The Statistician’s view of a Clinical Trial

The typical flow of clinical trial data begins with the patient and ends with a clinical study report or publication. In between, data passes through a number of steps from collection to verification to analysis. Most stakeholders in clinical research view studies using this workflow and talk about milestones such as first-patient-first-visit, last-patient-last-visit, database lock, and first and final drafts of a clinical study report. Progress and performance metrics and, sometimes funding, are tied to these milestones.

Alternatively, statisticians design studies by considering the flow in reverse order. The first consideration is the research question; What questions must be answered by the study?. The best approach to formulating the research question or objective is to write down the answer to the question. That is, what would you like to write in a study report, publication, or even in the product monograph?

For example:

Approximately 45% of the treated patients were disease-free at 1 year. Among patients who were disease-free at this time point, the response was durable and lasted almost 3 years.

The statistician will then determine the best statistical analysis options that will provide results in the desired form.



For the example, to estimate the percent of patients who are disease-free, statisticians will consider estimators of proportions or, if they need to account for baseline patient attributes or covariates, they will consider statistical modelling methods. Estimating a duration requires different methods, such as estimators or models of survival or time-to-events.

Once the analysis options have been identified, the statisticians confer with the clinicians, key opinion leaders and subject matter experts to discuss the data requirements to conduct the analyses. The statistician’s role is to ensure that collected data will support the analyses. Clinicians, SMEs, and KOLs roles are to ensure the data can be collected in a reliable manner, considering factors such as memory bias, invasiveness to the patient (e.g. biopsies), and availability and capabilities of clinic staff (e.g. image adjudication).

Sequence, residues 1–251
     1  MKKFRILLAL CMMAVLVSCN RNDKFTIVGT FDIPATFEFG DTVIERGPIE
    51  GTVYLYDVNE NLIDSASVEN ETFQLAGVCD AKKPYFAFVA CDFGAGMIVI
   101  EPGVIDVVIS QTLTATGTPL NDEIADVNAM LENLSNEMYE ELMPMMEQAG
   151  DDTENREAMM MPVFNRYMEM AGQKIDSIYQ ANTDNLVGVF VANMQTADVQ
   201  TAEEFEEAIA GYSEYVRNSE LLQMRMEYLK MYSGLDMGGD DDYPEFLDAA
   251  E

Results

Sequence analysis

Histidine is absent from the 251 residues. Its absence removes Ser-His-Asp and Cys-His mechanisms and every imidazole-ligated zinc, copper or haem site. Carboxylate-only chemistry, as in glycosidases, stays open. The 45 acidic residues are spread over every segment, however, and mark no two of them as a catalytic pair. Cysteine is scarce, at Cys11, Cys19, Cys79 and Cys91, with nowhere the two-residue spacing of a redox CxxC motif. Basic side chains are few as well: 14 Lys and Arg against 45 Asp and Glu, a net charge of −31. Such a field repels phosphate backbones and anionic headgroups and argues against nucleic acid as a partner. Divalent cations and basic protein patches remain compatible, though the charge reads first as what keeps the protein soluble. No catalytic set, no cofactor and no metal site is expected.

Data requirements discussions will blend with an exchange of knowledge about the patient population which impacts the study’s design. This is an important step in the process in which statisticians will provide stakeholders recommendations for the study design to make it as efficient as possible. For example, statisticians might learn through these discussions that patients who are treatment naïve are expected to respond differently from those who are not. This may lead to handling study design differently, such as stratifying subjects to confirm this expectation. If true, appropriate design features can make statistical tests more powerful and the overall trial more efficient.

This process of consulting with clinicians, leaders, and experts to design the study and analyses can be repeated multiple times until a final study design is settled upon.

Although stakeholders often like to jump immediately to the sample size question, doing so without due consideration of the previous steps risks making decisions with faulty information. Studies have been conducted, putting patients at significant risk and at high cost to funders, that fail to answer the proper research questions or meet regulatory requirements. Sample size requirements should only be determined once the iterations of the preceding steps have settled on appropriate study objectives, with supportive data, analysis, and design, to which all stakeholders agree.

The statistician’s role is to ensure that research questions will be answered with a high degree of confidence while satisfying regulatory requirements, subject to business constraints and limiting patients’ exposure to risk.


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